British Seagull? Dinghy engine advice needed - Page 3 - SailNet Community

   Search Sailnet:

 forums  store  


Quick Menu
Forums           
Articles          
Galleries        
Boat Reviews  
Classifieds     
Search SailNet 
Boat Search (new)

Shop the
SailNet Store
Anchor Locker
Boatbuilding & Repair
Charts
Clothing
Electrical
Electronics
Engine
Hatches and Portlights
Interior And Galley
Maintenance
Marine Electronics
Navigation
Other Items
Plumbing and Pumps
Rigging
Safety
Sailing Hardware
Trailer & Watersports
Clearance Items

Advertise Here






Go Back   SailNet Community > On Board > Gear & Maintenance
 Not a Member? 
  #21  
Old 05-03-2007
Pamlicotraveler's Avatar
Senior Member
 
Join Date: Aug 2006
Location: Creedmoor NC
Posts: 569
Thanks: 1
Thanked 1 Time in 1 Post
Rep Power: 9
Pamlicotraveler is on a distinguished road
Quote:
Originally Posted by tdw
Seagulls are in fact held in high regard by corduroy trouser wearing anoraks (with elbow patches) who actually know what is meant by sheerstrake, oakum and pitch and who even know their intended use. Brave souls who take cold baths in the winter , wear woollen underpants, swear by a gaff rig and consider everything that has happened post Disraeli to be a retrograde step with the possible exception of Margaret Thatcher.

If your concept of cutting edge technology is a 1948 Morris Minor then Seagull is your kind of motor.
I love the Morris Minor. In fact my first car was an MGA and I still dream about it, but mainly because it turned me into a babe magnet during those awkward high school years.

1960 MGA


Back to the British Seagull topic...I don't remember them being an engineering marvel, just plain simple with an exposed flywheel and everything. But my memory is handing one back and forth to the person on the dinghy with one hand. How could the British make something so simple when their toilets have tanks and pull cords etc.
__________________
Twenty years from now you will be more disappointed by the things y%^&*.....oh never mind. 90% of the people on sailing forums already use that as their signature! I'm not a conformist.
Reply With Quote Share with Facebook
  #22  
Old 05-03-2007
Member
 
Join Date: Nov 2006
Location: Beacon, New York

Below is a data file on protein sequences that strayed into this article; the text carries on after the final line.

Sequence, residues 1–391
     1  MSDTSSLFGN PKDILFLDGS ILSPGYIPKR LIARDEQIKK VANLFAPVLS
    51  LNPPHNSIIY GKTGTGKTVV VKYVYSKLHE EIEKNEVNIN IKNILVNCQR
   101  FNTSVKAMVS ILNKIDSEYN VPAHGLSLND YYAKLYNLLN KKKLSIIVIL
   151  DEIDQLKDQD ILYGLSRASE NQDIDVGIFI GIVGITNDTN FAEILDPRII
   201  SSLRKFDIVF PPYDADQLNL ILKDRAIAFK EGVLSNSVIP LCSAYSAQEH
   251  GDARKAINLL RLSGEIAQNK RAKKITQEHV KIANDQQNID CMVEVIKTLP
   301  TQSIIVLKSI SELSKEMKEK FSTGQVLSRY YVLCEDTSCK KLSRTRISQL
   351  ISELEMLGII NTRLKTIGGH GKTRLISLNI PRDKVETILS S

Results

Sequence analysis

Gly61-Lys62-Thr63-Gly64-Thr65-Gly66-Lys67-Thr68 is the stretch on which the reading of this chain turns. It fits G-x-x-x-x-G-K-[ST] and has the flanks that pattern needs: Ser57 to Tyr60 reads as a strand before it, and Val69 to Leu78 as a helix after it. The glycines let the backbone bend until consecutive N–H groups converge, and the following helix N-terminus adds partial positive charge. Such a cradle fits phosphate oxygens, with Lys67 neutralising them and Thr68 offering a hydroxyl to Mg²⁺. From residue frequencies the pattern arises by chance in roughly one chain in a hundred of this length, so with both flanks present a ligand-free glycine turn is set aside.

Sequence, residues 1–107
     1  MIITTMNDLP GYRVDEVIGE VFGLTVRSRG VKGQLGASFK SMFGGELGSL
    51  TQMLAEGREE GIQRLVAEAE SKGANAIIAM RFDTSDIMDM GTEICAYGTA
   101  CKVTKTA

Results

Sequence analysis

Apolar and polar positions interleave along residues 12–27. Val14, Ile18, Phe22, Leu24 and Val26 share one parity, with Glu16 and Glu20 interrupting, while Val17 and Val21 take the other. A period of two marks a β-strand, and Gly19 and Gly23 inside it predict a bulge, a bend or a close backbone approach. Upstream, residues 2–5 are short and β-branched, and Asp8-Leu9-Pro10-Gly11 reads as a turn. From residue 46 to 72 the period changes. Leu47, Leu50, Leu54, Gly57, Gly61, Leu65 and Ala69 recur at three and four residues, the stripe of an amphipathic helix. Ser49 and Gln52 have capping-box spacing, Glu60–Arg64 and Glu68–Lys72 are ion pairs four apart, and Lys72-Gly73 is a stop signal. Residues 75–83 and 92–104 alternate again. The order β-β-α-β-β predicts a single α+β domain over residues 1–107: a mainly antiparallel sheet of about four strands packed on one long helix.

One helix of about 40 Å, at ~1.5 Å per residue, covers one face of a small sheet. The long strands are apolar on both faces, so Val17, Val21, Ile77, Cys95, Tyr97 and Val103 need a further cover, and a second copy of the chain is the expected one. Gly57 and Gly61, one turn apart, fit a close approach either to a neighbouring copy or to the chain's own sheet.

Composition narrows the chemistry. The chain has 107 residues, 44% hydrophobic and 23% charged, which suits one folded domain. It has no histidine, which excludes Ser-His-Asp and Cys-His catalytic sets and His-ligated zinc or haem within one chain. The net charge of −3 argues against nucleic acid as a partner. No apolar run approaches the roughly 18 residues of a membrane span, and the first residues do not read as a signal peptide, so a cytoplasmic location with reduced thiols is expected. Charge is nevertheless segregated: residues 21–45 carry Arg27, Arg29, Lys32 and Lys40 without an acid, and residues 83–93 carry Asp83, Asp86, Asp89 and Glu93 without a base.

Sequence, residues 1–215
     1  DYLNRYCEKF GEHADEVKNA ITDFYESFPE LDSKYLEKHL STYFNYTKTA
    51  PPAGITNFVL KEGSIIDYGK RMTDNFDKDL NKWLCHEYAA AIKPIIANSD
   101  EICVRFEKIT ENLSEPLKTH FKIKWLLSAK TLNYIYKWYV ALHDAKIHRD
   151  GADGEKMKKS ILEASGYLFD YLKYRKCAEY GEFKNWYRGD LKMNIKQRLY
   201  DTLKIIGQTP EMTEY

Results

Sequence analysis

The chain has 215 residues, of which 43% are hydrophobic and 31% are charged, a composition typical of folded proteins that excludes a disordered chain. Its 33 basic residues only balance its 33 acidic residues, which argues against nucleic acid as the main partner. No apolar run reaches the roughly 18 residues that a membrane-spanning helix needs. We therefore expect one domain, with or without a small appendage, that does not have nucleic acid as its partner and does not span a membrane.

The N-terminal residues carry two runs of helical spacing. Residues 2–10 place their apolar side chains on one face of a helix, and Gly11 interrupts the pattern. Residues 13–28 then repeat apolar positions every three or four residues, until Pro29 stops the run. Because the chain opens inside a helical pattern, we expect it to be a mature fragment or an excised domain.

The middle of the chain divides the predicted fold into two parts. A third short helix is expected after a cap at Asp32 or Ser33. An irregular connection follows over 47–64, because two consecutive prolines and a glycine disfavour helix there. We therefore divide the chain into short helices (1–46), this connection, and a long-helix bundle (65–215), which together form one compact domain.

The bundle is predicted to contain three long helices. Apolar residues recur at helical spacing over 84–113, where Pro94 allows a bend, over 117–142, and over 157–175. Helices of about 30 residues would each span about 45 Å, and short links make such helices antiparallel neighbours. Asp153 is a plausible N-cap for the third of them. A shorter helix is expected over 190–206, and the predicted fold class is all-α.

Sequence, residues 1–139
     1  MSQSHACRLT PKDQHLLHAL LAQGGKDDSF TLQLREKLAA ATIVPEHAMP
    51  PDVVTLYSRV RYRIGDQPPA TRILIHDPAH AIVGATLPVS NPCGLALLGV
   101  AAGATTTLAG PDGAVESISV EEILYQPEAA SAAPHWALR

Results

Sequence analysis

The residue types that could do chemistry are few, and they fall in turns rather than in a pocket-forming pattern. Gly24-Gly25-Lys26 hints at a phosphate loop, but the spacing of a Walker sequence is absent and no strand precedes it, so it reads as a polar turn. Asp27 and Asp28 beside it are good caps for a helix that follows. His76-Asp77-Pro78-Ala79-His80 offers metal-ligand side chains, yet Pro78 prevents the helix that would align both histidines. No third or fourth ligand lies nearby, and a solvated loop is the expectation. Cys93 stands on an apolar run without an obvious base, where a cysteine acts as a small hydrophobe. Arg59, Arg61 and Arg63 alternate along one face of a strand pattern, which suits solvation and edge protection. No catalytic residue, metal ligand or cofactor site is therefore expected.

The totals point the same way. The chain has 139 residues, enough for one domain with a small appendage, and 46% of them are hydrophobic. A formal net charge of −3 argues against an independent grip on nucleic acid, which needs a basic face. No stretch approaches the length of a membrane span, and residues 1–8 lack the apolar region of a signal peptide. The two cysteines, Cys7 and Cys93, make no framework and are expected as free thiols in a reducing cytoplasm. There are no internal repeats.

Posts: 652
Thanks: 0
Thanked 0 Times in 0 Posts
Rep Power: 8
Tartan34C will become famous soon enough
Quote:
Originally Posted by tdw
There are many things the British do that are admirable. Making engines is not one of them.

Seagulls are in fact held in high regard by corduroy trouser wearing anoraks (with elbow patches) who actually know what is meant by sheerstrake, oakum and pitch and who even know their intended use. Brave souls who take cold baths in the winter , wear woollen underpants, swear by a gaff rig and consider everything that has happened post Disraeli to be a retrograde step with the possible exception of Margaret Thatcher.

If your concept of cutting edge technology is a 1948 Morris Minor then Seagull is your kind of motor.

I have three British Seagulls in service and one needing repair do to being dropped some distance and breaking a casting. I also have two new outboards in service one being a 2006 and the other a 2004 model year. The 2006 is a very nice four stroke and works well but any of the Seagulls will out pull both new engines. Aside from business I also use a Seagull on my own boats tender and I have been using them for over thirty years now.

The Seagull may be old technology but they are simple slow turning large propeller engines that are easy to maintain and hard to kill even after a dunking. A modern outboard is hard to restart after a dunking and because of the electronics will need some service after a bath.

They are not suitable for everyone and if you want a fast small boat as a tender they are not the best choice but if you want a strong bulletproof outboard that has a chance of pulling the mother ship when she has a problem or something that will stand the rigors of anchor handling and working in the surf then a Seagull, especially one with a storm hood on the carburetor, is the way to go.
All the best,
Robert Gainer
Reply With Quote Share with Facebook
  #23  
Old 05-03-2007
kennya's Avatar
Senior Member
 
Join Date: Jul 2006
Location: Ok.
Posts: 117
Thanks: 0
Thanked 0 Times in 0 Posts
Rep Power: 9
kennya is on a distinguished road